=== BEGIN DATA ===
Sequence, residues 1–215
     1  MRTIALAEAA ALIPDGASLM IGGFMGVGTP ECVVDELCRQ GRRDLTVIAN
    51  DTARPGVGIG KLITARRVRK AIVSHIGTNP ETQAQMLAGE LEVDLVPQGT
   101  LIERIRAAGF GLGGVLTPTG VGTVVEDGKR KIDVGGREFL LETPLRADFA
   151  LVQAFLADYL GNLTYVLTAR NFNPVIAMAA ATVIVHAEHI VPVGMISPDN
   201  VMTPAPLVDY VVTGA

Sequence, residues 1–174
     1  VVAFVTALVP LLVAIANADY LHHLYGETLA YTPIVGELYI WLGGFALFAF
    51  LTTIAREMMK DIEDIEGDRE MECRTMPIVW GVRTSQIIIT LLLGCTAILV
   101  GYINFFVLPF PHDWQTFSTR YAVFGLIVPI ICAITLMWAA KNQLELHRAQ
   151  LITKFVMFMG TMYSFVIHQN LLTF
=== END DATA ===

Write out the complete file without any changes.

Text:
Sequence, residues 1–215
     1  MRTIALAEAA ALIPDGASLM IGGFMGVGTP ECVVDELCRQ GRRDLTVIAN
    51  DTARPGVGIG KLITARRVRK AIVSHIGTNP ETQAQMLAGE LEVDLVPQGT
   101  LIERIRAAGF GLGGVLTPTG VGTVVEDGKR KIDVGGREFL LETPLRADFA
   151  LVQAFLADYL GNLTYVLTAR NFNPVIAMAA ATVIVHAEHI VPVGMISPDN
   201  VMTPAPLVDY VVTGA

Sequence, residues 1–174
     1  VVAFVTALVP LLVAIANADY LHHLYGETLA YTPIVGELYI WLGGFALFAF
    51  LTTIAREMMK DIEDIEGDRE MECRTMPIVW GVRTSQIIIT LLLGCTAILV
   101  GYINFFVLPF PHDWQTFSTR YAVFGLIVPI ICAITLMWAA KNQLELHRAQ
   151  LITKFVMFMG TMYSFVIHQN LLTF